Another thing I feel you ought to know is that in Ontario and in Canada today people who could be ventilated are not being given that option, they are not being given the information and they are being allowed to die, partly because of other people's perception of quality of life and what is ethical. The other reason is that the people who would give that information simply do not know about it. I do not think anything upsets our committee more than to have news of other young men dying. So I cannot answer your question.

Mr Owens: I would like to thank you, along with the Chair and my colleagues, for your presentation. I especially appreciate the remarks around the situation that is occurring in New York at this time. I am always appalled and quite amazed at some of these enforcement agencies as to where they are on the cutting edge of stupidity, and these folks clearly seem to be on the leading edge.

I am just wondering what kind of response you have had from our ministry people with respect to your, I would suggest, fairly unique situation. As the Chair indicated, we have heard testimony from deputants and attendant care providers, but you have the issue around the ventilator. Have you had any type of response?

Mrs M. Wagner: We have put on a number of seminars, three to be exact, to which we have invited ministry representatives. They have come and I think they have been sympathetic.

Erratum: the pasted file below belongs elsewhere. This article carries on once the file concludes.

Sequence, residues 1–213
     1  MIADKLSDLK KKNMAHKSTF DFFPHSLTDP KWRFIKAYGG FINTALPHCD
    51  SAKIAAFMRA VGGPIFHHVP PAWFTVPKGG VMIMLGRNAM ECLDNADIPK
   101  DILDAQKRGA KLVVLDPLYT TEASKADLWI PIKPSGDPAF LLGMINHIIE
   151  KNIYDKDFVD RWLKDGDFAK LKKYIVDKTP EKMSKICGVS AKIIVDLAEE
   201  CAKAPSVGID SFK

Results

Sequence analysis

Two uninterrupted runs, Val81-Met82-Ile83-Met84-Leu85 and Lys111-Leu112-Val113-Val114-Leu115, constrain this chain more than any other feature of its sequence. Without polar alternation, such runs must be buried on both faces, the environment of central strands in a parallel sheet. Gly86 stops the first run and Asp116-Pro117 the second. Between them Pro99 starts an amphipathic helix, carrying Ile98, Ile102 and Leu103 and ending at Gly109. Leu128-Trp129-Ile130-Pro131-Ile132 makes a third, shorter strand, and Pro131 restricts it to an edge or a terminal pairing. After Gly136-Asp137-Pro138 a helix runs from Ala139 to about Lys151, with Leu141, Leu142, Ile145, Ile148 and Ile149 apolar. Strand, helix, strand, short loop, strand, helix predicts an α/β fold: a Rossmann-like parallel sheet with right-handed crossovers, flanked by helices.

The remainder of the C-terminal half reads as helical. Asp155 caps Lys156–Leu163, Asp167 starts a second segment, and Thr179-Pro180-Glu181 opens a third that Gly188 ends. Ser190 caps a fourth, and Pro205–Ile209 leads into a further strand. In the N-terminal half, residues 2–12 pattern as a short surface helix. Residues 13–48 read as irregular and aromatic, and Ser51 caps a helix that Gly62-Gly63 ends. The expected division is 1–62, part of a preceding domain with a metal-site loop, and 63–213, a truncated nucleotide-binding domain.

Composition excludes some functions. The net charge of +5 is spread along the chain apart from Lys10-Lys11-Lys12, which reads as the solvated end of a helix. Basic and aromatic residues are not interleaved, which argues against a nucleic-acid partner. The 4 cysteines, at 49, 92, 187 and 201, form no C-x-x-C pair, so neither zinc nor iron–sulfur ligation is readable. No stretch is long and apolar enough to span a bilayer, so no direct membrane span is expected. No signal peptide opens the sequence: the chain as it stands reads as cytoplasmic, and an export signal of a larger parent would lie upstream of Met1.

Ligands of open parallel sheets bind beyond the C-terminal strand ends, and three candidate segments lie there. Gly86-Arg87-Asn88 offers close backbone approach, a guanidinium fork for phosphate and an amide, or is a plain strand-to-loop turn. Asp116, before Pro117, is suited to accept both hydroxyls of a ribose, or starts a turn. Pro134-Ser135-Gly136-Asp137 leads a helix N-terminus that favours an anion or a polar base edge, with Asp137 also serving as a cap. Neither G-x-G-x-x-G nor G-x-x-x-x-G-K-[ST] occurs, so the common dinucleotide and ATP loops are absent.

Mr Owens: Could we ask that as a supplementary to the ministry staff?

Mr Wessenger: Yes, I will have them comment.

Mr MacPherson: The response in the Metropolitan Toronto area has been quite positive. Charles Beer would know that. Warner Clarke has been able to suggest to our groups and to other individuals: "If you are waiting for guidelines and that to change, directly there's nothing I can do, but show me why you should be in your own apartment in the community. That is the main reason I can say yes and open up some doors."

I have met with several other people in just the last months, including Bob Rae, just to make him a little more aware of the needs out there and that things are changing slowly. But we do not want to take a big step backwards either.

Ms Bohnen: I cannot comment in general on the Ministry of Health response to concerns about independent living. The current minister and her predecessors, including this Chair, have been very clear that this legislation will not be permitted to create additional obstacles to independent living for the disabled and have committed themselves to an exception for this. The only outstanding issue has been where this exception should be placed. I participated in discussions with the people who are here today, as well as some other representatives of groups, to talk about what might be appropriate language to the exception, whether it appeared in the statute or in a regulation. I know the government is not in a position to say today whether it now believes that an exception should go into the statute.

Mr Hope: Just briefly -- it is not really a question, it is a gesture -- I am also the parliamentary assistant to the Ministry of Community and Social Services, which deals with the issues. Dealing with the strategies for the deinstitutionalizing and also dealing with long-term care, rest assured that your comments have been fully briefed to the minister.